The Vogues

In 1965 Nick produced recording sessions for the vocal group the Val-Aires at Gateway Studios in Pittsburgh.  The band recorded a cover of the Petula Clark song "You're The One" releasing it on their own label (Blue Star 229).  Nick persuaded John Rook, program director of KQV to play the single. With local airplay and sales it became a regional hit.  Nick signed them to the Co & Ce label give them national distribution. See in advertisement in Billboard for Vogue International Records, he was inspired to change the group's name to the Vogues.   "You're The One" became a national hit reaching number four on the Billboard charts.  Later in 1965 Cenci produced the Vogues recording session of the no. 4 Billboard hit "Five O'Clock World". In 1966 Co & Ce Records released the single "Magic Town" which reached no. 21 in February and the no. 29 hit “The Land of Milk and Honey”.   The singles "Summer Afternoon" and "Lovers Of The World Unite" were released on Co & Ce in 1967.  Co & Ce leased the Vogues to Reprise Records (distributed by Warner Bros.) where they scored a no. 7 hit with the song “Turn Around, Look at Me” (#7),

Hanky Panky in the Burgh

Bob Mack, a WZUM DJ who owned a record store and promoted dances at the White Elephant and Bethel Roller Rink, bought a collection of used records from a Notre Dame student in 1966.  The collection included a forgotten song called “Hanky Panky” recorded by Tommy James and the Shondells in 1964. Liking it Mack played the song at his dances and the crowds went crazy.  Other Pittsburgh area dance DJs started playing the song. In response to requests for the song radio DJs Bob Livorio, Mad Mike, Clark Race of KDKA and Chuck Brinkman of KQV played it own their shows.  Record stores who got requests for the song asked Nick Cenci where they could buy a copy.  The original label Snap Records owned by Jack Douglas in Niles Ohio had gone out of business.  Seeing an opportunity Nick Cenci bootlegged the record under the Red Fox label and distributed it through his Fenway Distributors.  Within ten days it sold 80,000 copies in Pittsburgh. In May of 1966 “Hanky Panky” was the number 1 song in Pittsburgh.   Nick tracked down Jack Douglas and called him saying “You have to bring Tommy James to Pittsburgh.  Hanky Panky is going to be a number one hit here.”  But the Shondells had broken up two years earlier.  Tommy came to Pittsburgh and went with Mack to do a set with a back-up band called the Racontuers.  Tommy hired them to be them to the Shondells. With national distribution on Roulette Records Hanky Panky became a nation wide hit. They were on their way to a successful national career and more hits. Over the next fours year they scored more hits with "I Think We're Alone Now", "Mony Mony," "Crimson and Clover" and "Crystal Blue Persuasion."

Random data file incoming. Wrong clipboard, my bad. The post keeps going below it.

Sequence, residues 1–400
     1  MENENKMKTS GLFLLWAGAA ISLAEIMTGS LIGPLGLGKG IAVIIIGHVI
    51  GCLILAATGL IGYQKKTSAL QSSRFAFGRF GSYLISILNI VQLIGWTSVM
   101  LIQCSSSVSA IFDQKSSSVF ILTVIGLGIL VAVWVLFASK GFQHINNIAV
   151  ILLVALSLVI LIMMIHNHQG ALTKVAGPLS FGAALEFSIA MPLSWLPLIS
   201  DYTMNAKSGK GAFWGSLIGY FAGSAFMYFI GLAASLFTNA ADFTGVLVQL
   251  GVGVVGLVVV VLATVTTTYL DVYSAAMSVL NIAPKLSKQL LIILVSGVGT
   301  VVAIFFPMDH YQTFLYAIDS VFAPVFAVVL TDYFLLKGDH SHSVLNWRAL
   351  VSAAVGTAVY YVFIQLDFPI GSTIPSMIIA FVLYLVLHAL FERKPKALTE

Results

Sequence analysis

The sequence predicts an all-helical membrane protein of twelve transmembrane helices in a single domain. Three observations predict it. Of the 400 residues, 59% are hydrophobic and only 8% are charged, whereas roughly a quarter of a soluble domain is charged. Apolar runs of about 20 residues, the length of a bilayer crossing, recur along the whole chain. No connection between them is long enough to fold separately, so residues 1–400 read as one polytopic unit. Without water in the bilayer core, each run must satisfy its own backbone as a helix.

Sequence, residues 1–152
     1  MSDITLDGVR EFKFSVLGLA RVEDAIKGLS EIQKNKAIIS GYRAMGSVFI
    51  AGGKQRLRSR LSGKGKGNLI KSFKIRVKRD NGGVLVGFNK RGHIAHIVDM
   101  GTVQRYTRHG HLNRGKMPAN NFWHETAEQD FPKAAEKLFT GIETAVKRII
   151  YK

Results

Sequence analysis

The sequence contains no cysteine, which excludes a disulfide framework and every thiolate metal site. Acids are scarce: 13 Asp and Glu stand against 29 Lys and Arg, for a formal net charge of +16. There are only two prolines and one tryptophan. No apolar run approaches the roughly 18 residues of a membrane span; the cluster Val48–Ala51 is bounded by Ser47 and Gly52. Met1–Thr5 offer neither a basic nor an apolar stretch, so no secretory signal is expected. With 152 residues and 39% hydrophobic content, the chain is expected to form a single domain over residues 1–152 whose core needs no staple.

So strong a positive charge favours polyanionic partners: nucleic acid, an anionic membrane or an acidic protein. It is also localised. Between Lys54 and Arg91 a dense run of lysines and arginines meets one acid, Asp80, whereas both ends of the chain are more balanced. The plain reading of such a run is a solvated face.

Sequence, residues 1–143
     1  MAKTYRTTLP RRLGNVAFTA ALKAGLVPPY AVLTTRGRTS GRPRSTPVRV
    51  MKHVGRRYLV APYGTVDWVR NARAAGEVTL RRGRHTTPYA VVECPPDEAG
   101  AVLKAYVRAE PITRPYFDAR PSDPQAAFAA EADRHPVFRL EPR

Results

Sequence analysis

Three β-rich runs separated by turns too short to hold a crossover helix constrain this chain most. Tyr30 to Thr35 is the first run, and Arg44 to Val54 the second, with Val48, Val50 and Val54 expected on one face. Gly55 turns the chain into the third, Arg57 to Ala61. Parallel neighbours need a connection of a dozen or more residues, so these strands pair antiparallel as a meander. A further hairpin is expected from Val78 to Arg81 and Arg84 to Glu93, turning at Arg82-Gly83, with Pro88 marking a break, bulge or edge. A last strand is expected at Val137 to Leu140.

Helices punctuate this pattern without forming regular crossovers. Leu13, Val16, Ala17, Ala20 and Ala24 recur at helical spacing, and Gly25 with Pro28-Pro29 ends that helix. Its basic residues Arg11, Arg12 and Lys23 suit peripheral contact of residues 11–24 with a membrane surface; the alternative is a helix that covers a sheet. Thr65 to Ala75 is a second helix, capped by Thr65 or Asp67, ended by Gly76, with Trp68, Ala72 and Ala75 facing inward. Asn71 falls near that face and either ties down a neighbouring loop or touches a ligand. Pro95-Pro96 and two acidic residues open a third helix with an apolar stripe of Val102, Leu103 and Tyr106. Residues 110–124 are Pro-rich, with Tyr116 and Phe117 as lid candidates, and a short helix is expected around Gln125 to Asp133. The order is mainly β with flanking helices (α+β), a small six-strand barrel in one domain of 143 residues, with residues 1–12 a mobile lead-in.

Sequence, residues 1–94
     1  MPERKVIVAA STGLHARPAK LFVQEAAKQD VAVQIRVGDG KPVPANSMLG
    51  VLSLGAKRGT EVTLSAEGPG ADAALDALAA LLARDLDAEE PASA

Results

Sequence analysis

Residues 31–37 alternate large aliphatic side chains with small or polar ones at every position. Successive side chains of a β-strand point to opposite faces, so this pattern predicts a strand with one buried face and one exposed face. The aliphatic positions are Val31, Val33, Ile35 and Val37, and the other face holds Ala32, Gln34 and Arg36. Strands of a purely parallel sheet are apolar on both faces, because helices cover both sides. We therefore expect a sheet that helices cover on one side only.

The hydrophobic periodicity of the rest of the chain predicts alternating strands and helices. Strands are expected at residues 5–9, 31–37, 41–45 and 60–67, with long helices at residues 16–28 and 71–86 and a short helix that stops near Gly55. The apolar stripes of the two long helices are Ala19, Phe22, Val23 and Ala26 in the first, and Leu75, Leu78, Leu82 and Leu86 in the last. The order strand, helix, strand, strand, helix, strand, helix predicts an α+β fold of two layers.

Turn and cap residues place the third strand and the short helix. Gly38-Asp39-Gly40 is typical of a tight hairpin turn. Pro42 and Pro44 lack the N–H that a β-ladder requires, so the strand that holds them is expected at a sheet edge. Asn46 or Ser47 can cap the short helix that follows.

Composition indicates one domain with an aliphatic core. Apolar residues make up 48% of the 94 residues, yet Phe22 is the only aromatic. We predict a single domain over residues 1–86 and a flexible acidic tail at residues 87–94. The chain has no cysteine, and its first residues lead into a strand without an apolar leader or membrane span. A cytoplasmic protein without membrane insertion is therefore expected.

Other Artists

Co & Ce Records produced and promoted other Pittsburgh based bands who had regional hits including the Four Chaps song "True Lovers", the Willies tune the 'Williy', and the Swamp Rats cut of "In the Midnight Hour".  The Fenways's singles included "Satisfied" 'A-Go-Go" and "I'm a Mover".

In addition to founding Co & Ce Records, Nick started two other companies.  In 1971 Cenci opened Tri-City Records to distribute and promote Motown records in Pittsburgh and Cleveland.  Closing Tri City Records he worked in publicity and promotions for Motown Records. Nick partnered with DiCesare-Engler in 1980 to form DECCO Records (DiCesare,Engler,Cenci CO - DECCO).


Nick Cenci passed away in June of 2014

Nick Cenci's Hits